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2015 GRAPE SHOT SHIPWRECK FIELD SCHOOL
October 23-30, 2015
About the schooner Grape Shot
The schooner Grape Shot was built in 1855 at the yard of B.B. Jones in Buffalo, New York. She carried two masts, and measured 129.67 ft. long, 23.35 ft. in breadth, with a 10.3 ft. depth of hold. For much of her career, she hauled grain from Chicago or Milwaukee to the eastern Great Lakes and returned to Lake Michigan with coal. There is note of several strandings in Lakes Erie and Ontario, a collision in Lake Huron, and a dismasting in Lake Michigan while bound from Buffalo to Milwaukee with general merchandise.
During a storm over the first few days of November 1867, the Grape Shot grounded on Plum Island (Northern Door Co., WI) with a cargo of lumber. She ran so far up on the rocks that her bow was lifted four feet into the air. The steam barge Leviathan along with the barge George Dunbar, which was sent from Chicago a few days later with a steam pump attempted to get her off. On 12 November 1867, after her cargo was salvaged, she was stripped of her rigging and abandoned. Incidentally, she had also run aground on Poverty Island in June 1866 and on Plum Island in August 1866. She was owned by J. Stafford of Chicago. She had received extensive repairs in 1865. No lives were lost.
About the field school
The 2015 Grape Shot field school was coordinated by the Wisconsin Historical Society’s Maritime Preservation and Archaeology Program, in conjunction with the Wisconsin Underwater Archeology Association. Eight students and four instructors participated in the week-long survey to train divers in underwater archaeology methodology, with the intention of creating a site plan and evaluation for listing on the National Register of Historic Places. To date, Wisconsin has more shipwrecks listed on the National Register than any state in the union. The field school was funded thanks to a generous grant from the Wisconsin Coastal Management Program.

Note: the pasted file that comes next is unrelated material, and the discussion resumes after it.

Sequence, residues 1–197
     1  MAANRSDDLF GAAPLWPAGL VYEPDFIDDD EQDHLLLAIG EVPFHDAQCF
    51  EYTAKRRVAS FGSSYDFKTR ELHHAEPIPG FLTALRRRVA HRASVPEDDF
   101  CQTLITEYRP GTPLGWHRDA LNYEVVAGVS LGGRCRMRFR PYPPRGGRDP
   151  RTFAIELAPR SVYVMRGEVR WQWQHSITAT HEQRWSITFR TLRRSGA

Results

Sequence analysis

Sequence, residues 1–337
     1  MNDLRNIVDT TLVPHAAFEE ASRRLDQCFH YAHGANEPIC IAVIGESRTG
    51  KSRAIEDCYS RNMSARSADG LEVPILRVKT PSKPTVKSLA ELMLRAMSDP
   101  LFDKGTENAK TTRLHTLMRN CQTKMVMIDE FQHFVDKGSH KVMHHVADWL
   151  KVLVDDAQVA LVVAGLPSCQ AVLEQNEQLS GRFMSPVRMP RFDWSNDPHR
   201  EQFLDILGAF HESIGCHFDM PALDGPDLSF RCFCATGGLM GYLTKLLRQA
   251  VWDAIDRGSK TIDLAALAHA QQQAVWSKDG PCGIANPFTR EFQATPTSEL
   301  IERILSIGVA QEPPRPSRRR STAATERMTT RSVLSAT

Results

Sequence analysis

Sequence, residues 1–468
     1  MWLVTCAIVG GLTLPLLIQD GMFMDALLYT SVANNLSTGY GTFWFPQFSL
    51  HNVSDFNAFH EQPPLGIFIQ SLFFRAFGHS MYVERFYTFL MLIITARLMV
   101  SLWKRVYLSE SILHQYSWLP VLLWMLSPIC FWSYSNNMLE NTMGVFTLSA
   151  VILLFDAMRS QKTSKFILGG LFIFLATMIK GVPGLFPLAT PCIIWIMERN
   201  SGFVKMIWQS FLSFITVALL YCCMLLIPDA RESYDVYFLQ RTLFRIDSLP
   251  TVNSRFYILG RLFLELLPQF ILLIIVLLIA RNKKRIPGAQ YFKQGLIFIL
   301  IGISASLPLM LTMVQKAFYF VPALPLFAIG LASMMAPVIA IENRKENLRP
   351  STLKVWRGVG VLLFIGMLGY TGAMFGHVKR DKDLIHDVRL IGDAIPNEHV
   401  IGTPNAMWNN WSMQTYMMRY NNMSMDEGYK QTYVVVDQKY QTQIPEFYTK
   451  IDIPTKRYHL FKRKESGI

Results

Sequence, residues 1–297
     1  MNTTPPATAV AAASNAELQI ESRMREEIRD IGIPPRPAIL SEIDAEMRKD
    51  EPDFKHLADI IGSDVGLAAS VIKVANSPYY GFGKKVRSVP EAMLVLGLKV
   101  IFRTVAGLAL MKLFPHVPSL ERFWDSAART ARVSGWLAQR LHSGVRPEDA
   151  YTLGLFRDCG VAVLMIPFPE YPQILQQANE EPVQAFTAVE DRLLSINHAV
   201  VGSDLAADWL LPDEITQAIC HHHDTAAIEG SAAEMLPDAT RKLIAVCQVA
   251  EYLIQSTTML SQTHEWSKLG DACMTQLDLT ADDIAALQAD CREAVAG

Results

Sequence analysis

Introduction to Coastal and Underwater Archaeology Workshop
The NAS Introduction course is the first stage in the Nautical Archaeology Society training program, which WUAA is partnering with to build a community of trained advocates to help document and promote Wisconsin's maritime heritage. This one day course offers an introduction to Workshoparchaeology and maritime archaeology, combining a mixture of classroom and practical sessions. This course aims to promote archaeology more broadly, but to also provide specific content that pertains to the incredible history of Great Lakes maritime tradition. This introduction course will also introduce topics such as dating methods used in archaeology and how the current legislation applies to our underwater cultural heritage.
By the end of the day participants will:
•Have been introduced to the basic principles and scope of maritime archaeology
•Be able to apply 2D survey methods to an archaeological site
•Have an understanding of your rights and responsibilities concerning underwater heritage in Wisconsin
•Be qualified to pursue further NAS training credits, which can be applied toward future conferences and higher level training courses.
When: Saturday April 18, 2015
Time: 9:00 a.m. - 4:00 p.m. - 1/2 hour lunch break, and 1/2 hour afternoon break
Where: Neville Public Museum | 210 Museum Place, Green Bay, WI 54303
Cost: $85, WUAA or NAS Members, $100 Non- Members | Price includes course materials, museum fees, & Lunch
Click Here for Course Brochure
Summer 2015 Underwater Survey Projects - Volunteers Needed
Milwaukee area Survey Project
Clay Banks Survey Project